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*“Delaware Marriage Records,” index and images, FamilySearch (https://www.familysearch.org https://www.familysearch.org): accessed 4 March 2011, entry for William Anderson and Elizabeth Baynard Henry, married 23 November 1913; citing marriage certificate no. 859; FHL microfilm 2,025,063; Delaware Bureau of Archives and Records Management, Dover.
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*“El Salvador Civil Registration,” index and images, FamilySearch (https://www.familysearch.org https://www.familysearch.org): accessed 21 March 2011, entry for Jose Maria Antonio del Carmen, born 9 April 1880; citing La Libertad, San Juan Opico, Nacimientos 1879-1893, image 50; Ministerio Archivo Civil de la Alcaldia Municipal de San Salvador.
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When the citation has been replaced with a citation specific to the collection described, please change the heading to "Citation Example for Records Found in This Collection".
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<br>
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“Mexico, México Estado, Civil Registration, 1861-1941,” images, FamilySearch (https://familysearch.org/pal:/MM9.3.1/TH-1951-21809-2832-11?cc=1922412&amp;wc=13237857: accessed 30 August, 2012), Atenco &gt; Defunciones 1917 &gt; image 45 of 50 images, Refugio Garcia, 1914; citing pueblo de Atenco, Mexico.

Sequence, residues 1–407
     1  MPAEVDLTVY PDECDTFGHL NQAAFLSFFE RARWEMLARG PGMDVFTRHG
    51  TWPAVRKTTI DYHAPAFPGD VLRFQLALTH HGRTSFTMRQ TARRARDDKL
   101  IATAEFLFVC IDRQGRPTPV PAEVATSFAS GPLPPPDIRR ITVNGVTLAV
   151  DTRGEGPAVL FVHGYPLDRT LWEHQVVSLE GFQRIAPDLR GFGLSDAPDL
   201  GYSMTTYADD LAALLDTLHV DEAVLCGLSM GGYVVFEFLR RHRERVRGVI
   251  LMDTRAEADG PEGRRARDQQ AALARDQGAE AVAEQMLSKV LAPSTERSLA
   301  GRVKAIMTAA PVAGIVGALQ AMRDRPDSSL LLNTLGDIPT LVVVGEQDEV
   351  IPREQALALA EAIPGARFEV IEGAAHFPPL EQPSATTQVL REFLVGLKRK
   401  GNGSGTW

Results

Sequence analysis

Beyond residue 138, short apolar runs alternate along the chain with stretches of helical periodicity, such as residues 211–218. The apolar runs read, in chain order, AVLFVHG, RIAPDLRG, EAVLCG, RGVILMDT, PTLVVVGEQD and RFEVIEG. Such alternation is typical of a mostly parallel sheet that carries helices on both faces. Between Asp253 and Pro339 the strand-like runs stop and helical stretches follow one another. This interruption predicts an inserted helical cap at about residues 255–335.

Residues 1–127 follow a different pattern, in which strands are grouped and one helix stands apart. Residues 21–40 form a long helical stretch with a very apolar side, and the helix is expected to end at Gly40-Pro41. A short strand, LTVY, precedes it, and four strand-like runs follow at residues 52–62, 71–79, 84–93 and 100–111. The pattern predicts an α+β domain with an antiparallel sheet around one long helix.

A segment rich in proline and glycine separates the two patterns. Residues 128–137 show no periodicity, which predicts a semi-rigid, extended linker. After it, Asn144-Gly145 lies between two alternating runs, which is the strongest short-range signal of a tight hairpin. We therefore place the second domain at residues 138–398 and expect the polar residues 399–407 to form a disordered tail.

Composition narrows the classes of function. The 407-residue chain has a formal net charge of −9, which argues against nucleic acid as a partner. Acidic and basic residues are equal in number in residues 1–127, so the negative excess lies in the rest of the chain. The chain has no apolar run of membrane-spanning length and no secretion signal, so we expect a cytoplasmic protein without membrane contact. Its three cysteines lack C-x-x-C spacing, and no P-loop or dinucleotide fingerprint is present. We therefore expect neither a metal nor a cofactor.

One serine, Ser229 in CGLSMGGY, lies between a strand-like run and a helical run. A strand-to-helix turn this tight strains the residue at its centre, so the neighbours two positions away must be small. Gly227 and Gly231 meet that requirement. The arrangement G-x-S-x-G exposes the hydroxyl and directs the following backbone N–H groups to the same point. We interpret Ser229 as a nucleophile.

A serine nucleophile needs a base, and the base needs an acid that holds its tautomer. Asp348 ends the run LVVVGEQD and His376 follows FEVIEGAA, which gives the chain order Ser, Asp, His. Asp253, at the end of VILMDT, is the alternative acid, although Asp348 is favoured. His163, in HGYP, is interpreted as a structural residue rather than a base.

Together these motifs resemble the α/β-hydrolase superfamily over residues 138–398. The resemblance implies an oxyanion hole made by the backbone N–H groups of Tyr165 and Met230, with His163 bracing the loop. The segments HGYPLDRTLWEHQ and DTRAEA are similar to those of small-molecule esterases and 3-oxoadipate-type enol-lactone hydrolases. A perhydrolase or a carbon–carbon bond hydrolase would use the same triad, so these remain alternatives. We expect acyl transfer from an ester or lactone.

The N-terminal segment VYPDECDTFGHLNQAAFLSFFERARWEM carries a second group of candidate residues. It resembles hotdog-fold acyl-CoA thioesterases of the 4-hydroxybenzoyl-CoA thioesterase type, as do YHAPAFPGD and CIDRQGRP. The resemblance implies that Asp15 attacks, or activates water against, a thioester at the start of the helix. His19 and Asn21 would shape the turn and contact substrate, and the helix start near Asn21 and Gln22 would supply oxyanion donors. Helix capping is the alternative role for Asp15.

Revision as of 17:38, 15 January 2013

FamilySearch Record Search This article describes a collection of historical records available at FamilySearch.org.

Contents

Title in the Language of the Record

Registro Civil del Estado de Morelos, México.

Record Description

This collection of civil records for Morelos covers the inclusive years of 1861 to 1920.

This is a collection of civil registration records for Mexico. Records, such as birth, marriages, and deaths, are organized by state and then by municipality/city. Earlier records were handwritten in narrative style; later records were handwritten in formatted registers. The text of these records is in Spanish.

Civil records in Mexico cover about 90 to 95% of the population. Beginning in 1859, the Mexican government began requiring births, marriages, and deaths to be recorded by civil authorities on a municipality/district level. Although these records are a great source of genealogical information, they are not complete as civil registration wasn't strictly enforced in Mexico until 1867 and people did not always comply. For this reason, church registers must be used alongside the civil records. The civil records of Mexico have been preserved relatively well. Only some of the older registers may have some physical damage; however, in general they are in good condition to extract genealogical information.